Shared-living model here is 'not in interest of tenants'
Roam founder hits out at 'removal of standards' from country's housing market, writes Michael Cogley
The chief executive of one of the world's best-known shared-living companies has criticised the Government's guidelines for the concept.
Housing minister Eoghan Murphy last year amended planning guidelines to introduce the model to the Irish market, under which multiple self-catered bedrooms share living spaces and kitchens.
Murphy attracted high levels of criticism last week after he said that young people should be "excited" to pay less rent for less space, in reference to the model.
Now shared-living company Roam - which has locations in London, Bali, San Francisco, Tokyo and Miami - said that it was "open" to setting up here, but added that the way it had been implemented in Ireland was wrong.
"Part of why we haven't found a property that's a good match yet is that we haven't seen the quality and thoughtfulness necessary to not only make the trade-off between smaller personal studios and better shared spaces work, but a superior experience," founder and chief executive Bruno Haid said.
"A lot of it feels indeed rushed and optimised for the developer's interest, and not the tenant's. So we can relate to the criticism current schemes are facing."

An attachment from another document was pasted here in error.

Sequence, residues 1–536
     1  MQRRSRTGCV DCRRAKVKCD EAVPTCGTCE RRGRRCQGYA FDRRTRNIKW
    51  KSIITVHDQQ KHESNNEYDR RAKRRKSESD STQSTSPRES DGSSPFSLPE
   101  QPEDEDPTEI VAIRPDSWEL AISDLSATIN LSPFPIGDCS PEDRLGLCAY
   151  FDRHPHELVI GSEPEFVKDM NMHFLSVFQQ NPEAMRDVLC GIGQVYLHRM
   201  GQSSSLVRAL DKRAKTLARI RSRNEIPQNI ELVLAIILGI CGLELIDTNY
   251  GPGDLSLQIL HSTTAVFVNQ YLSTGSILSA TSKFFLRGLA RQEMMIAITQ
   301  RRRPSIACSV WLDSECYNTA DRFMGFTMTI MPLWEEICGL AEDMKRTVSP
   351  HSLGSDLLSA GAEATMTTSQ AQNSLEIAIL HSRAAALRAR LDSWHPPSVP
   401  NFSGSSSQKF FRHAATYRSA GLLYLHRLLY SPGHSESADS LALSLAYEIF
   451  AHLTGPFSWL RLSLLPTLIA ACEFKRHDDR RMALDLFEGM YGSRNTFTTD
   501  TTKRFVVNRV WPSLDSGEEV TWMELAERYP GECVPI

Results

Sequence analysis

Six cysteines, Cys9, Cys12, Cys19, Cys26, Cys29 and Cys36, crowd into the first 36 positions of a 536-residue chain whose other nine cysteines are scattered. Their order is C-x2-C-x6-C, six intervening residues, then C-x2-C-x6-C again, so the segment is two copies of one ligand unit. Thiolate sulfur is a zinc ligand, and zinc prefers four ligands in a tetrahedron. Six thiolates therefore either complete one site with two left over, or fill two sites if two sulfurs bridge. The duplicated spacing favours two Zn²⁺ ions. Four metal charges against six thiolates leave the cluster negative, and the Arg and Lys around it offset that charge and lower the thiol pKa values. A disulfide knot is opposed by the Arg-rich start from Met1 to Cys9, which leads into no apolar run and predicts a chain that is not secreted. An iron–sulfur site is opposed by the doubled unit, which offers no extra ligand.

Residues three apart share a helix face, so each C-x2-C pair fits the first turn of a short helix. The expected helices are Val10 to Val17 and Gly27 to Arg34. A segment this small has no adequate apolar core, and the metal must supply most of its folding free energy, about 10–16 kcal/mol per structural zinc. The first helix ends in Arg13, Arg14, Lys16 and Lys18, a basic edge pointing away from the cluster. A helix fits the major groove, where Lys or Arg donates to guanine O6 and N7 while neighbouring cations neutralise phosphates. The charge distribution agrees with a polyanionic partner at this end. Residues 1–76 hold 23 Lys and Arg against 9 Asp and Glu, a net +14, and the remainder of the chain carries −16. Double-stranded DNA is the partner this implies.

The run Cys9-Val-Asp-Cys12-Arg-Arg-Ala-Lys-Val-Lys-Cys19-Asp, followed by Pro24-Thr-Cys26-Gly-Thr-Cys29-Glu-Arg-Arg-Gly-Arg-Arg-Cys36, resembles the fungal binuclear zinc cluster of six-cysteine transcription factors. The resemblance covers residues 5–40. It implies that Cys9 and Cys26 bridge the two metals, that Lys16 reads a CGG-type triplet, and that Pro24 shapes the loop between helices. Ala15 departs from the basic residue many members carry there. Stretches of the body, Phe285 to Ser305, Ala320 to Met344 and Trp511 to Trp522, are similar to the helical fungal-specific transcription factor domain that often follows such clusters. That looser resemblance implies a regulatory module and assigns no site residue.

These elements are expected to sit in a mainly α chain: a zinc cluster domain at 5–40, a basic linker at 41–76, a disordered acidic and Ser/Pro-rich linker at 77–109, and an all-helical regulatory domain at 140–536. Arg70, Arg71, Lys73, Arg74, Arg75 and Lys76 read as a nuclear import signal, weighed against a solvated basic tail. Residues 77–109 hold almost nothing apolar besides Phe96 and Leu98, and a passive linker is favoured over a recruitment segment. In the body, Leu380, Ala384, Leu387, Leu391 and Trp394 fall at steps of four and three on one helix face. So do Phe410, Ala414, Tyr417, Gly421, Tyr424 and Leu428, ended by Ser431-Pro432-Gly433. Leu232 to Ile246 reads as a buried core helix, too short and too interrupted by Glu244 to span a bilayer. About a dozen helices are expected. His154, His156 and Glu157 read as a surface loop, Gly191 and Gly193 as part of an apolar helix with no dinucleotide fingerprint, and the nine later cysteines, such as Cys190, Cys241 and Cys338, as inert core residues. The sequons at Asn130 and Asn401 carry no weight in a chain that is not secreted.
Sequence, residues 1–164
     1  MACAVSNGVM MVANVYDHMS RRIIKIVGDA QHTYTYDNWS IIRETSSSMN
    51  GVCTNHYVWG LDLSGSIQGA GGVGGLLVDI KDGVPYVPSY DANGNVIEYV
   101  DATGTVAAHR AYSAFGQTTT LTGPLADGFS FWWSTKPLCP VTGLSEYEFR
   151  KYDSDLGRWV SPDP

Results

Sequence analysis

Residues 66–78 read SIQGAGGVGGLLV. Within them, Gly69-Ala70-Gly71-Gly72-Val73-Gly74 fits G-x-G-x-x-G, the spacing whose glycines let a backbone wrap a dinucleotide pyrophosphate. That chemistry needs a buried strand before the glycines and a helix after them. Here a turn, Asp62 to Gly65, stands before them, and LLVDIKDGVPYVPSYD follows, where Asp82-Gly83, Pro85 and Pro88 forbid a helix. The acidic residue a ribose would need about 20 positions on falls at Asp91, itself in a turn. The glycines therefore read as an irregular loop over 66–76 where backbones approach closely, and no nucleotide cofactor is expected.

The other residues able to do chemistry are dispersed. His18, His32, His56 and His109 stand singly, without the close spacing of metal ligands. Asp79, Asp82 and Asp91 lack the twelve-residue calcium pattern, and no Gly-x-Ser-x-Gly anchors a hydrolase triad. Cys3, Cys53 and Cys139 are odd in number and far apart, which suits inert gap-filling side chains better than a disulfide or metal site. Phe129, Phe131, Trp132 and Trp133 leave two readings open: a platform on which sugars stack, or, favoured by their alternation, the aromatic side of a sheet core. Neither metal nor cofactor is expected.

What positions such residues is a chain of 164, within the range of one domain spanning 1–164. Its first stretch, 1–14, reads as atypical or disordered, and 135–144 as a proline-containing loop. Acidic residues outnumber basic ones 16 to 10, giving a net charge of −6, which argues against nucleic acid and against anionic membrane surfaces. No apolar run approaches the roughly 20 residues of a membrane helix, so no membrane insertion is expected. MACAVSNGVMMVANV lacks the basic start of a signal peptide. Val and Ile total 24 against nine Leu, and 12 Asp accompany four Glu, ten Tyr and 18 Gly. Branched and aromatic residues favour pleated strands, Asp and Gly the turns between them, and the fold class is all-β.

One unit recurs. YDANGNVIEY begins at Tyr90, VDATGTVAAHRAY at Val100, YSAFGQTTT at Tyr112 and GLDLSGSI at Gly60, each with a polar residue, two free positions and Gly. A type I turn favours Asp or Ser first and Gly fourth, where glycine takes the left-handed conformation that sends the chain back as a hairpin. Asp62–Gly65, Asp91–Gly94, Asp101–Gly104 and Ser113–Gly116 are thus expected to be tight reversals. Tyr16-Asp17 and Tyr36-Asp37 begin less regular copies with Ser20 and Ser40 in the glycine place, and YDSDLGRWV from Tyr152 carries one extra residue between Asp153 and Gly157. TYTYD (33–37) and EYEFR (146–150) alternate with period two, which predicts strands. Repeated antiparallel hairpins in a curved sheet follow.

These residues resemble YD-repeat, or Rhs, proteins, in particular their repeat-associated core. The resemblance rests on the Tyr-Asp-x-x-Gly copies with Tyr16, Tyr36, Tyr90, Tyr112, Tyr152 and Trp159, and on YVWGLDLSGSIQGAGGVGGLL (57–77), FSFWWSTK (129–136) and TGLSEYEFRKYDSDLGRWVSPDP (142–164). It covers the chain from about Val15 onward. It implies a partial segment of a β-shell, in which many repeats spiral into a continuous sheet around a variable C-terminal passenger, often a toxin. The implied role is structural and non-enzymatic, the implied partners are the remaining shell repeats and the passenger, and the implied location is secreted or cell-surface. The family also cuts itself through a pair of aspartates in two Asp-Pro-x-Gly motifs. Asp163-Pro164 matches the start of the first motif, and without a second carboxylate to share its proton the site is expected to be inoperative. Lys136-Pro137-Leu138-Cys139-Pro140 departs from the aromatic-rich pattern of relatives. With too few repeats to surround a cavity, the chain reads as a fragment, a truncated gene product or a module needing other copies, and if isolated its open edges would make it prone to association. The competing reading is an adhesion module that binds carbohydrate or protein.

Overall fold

Roam's properties differs to the projects that have been proposed in Ireland in that it offers business travellers access to luxury co-living spaces with maid service across all of its locations for $1,800 (€1,610) a month. This means that clients can travel across the world to its five locations while only having to pay a single fee.
Customers are also offered "flexible leases", which give customers a full-furnished bedroom with a desk and an en-suite bathroom.
Each facility also has co-working spaces that include a media centre, pool, shared kitchens and event space.
"Our legislative preference is to build upon already existing rules for hotels and serviced apartments and open them for long-term stays, if people prefer this topology of buildings," Haid said.
"But just removing established standards from the bottom of the housing market to address growing inequality is not necessarily a good policy to address more systemic issues."
Roam is not the only company exploring shared living in Ireland. Richard Barrett's Bartra Capital intends to make it a main part of its residential supply stream and has lodged applications for both Castleknock and Dún Laoghaire in Dublin.
The group also intends to reapply for another such development in Rathmines in the capital.
The Sunday Independent reported in January that UK co-living company The Collective purchased its first site in Dublin as part of its plans to expand into Europe and the US.
Weekly rates in the UK start at £290 (€329) and rise as high as £325, depending on the length of the lease required.
Sunday Indo Business